Implications for Armenia

Since the end of the hostilities in Nagorno Karabakh in May 1994 Armenian strategy on Karabakh conflict has been based on two key pillars – Armenia and the Nagorno Karabakh Republic should be able to deter Azerbaijan himself, and in the case of deterrence failure, should defeat Azerbaijan militarily. Simultaneously, Armenia should develop a strategic alliance, including guarantees on mutual defense, with Russia to prevent Turkey from any direct involvement in the possible new war over the Karabakh.

The deployment of the Russian military base in Armenia, Armenia’s membership into the Collective Security Treaty Organization and later into the Eurasian Economic Union is based on this logic. This policy justified itself in 1993, during the active phase of hostilities in Karabakh when Turkey made a public threat to attack Armenia. However, there was a strong warning from Russia that this might trigger World War III.

However, the defense partnership between Azerbaijan and Turkey including the procurement of military hardware and the education and training of Azerbaijani officers in Turkish military universities is the source of permanent concern for Armenia. During their education, Azerbaijani officers participate in the operations against Kurdish PKK forces which gave them combat experience.

Armenia seeks to counterbalance it through membership into the Collective Security Treaty Organization (CSTO) which gives Armenia the advantage to buy Russian weapons by “significantly reduced prices”. Meanwhile, it should be mentioned that in recent years the key provider of modern assault armament to Azerbaijan was not Turkey, but Israel and Russia. Israel has provided approximately US$ 1.5-2 billion weapons to Azerbaijan including drones and anti-tank guided missiles, while Russia sold Azerbaijan multiple launch rocket systems such as Smerch and Hurricane (Uragan), modern T-90 tanks, S–300 air defense systems worth of US$ 5 billion. 

However, the key task for Armenia is not to prevent the sales of weapons from Turkey, Israel or Russia to Azerbaijan but to keep military balance with Baku, simultaneously using its strategic alliance with Russia as an effective tool to deter Turkey’s direct military involvement in case of a new wave of hostilities in Karabakh.

There is no widespread debate in Armenia at both state and expert levels regarding the possible direct or indirect participation of Pakistan in the resumption of hostilities in Karabakh or in general concerning Pakistan’s negative influence. Nor Azerbaijan–Turkey–Pakistan trilateral neither Azerbaijan–Pakistan bilateral defense cooperation is among the key topics discussed in Armenia. The fact that Pakistan is the only state which does not recognize Armenia as an independent state definitely creates antipathy towards Pakistan. However, in Armenian strategic thinking, Pakistan is not perceived as a significant threat worthy of deterrence. There can be no comparison between the perception of the threat level of Turkey and Pakistan. Islamabad is not viewed as an actor involved in the South Caucasus geopolitics. Pakistan is perceived as a hostile state but with a little real capacity to harm Armenia.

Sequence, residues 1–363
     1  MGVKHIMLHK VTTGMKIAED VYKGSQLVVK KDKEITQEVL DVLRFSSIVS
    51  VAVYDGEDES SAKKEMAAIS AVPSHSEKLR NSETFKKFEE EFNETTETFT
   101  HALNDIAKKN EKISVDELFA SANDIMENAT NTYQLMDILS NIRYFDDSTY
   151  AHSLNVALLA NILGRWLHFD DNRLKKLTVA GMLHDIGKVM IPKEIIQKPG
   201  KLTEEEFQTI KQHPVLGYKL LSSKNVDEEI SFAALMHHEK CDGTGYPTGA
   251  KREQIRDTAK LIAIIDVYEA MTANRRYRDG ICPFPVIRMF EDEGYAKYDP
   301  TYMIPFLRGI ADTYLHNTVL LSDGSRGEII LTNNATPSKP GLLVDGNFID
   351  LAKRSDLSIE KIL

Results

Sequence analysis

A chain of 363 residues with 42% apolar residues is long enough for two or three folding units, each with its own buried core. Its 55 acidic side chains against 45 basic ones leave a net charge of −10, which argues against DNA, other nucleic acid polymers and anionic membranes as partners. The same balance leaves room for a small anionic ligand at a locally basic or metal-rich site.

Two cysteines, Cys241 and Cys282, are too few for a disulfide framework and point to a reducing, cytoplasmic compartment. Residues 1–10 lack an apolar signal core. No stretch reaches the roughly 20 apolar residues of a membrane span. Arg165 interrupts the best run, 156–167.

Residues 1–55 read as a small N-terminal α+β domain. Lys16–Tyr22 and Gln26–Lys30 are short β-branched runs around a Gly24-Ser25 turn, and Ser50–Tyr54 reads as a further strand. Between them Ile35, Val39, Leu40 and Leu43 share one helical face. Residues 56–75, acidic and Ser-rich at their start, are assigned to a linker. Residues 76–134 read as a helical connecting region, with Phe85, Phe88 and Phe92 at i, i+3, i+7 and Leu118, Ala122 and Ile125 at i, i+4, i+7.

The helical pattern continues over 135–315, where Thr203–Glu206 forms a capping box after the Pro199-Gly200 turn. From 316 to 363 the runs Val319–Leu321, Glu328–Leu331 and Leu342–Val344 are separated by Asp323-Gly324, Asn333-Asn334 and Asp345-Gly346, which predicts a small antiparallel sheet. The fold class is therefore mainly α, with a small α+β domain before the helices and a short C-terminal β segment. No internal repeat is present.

About the Author:

Dr. Benyamin Poghosyan
Dr. Benyamin Poghosyan is Founder and Chairman, Center for Political and Economic Strategic Studies and also, Executive Director, Political Science Association of Armenia since 2011. He was Vice President for Research – Head of the Institute for National Strategic Studies at the National Defense Research University in Armenia in August 2016 – February 2019. He joined Institute for National Strategic Studies (predecessor of NDRU) in March 2009 as a Research Fellow and was appointed as INSS Deputy Director for research in November 2010. Before this, he was the Foreign Policy Adviser of the Speaker of the National Assembly of Armenia. Dr. Poghosyan has also served as a Senior Research Fellow at the Institute of History of the National Academy of Sciences and was an adjunct professor at Yerevan State University and in the European Regional Educational Academy.

His primary research areas are the geopolitics of the South Caucasus and the Middle East, US – Russian relations and their implications for the region. He is the author of more than 70 Academic papers and OP-EDs in different leading Armenian and international journals. In 2013, Dr. Poghosyan was appointed as a Distinguished Research Fellow" at the US National Defense University - College of International Security Affairs and also, he is a graduate from the US State Department's Study of the US Institutes for Scholars 2012 Program on US National Security policymaking. He holds a Ph.D. in History and is a graduate from the 2006 Tavitian Program on International Relations at Fletcher School of Law and Diplomacy.

Cite this Article:

Poghosyan, B., "Pakistan-Turkey-Azerbaijan Triangle: Emerging New Partnership in the Greater Middle East", IndraStra Global Vol. 06, Issue No: 01 (2020), 0041, https://www.indrastra.com/2020/01/Pakistan-Turkey-Azerbaijan-Triangle-006-01-2020-0041.html, ISSN 2381-3652

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DISCLAIMER: The views expressed in this insight piece are those of the author and do not necessarily reflect the official policy or position of the IndraStra Global.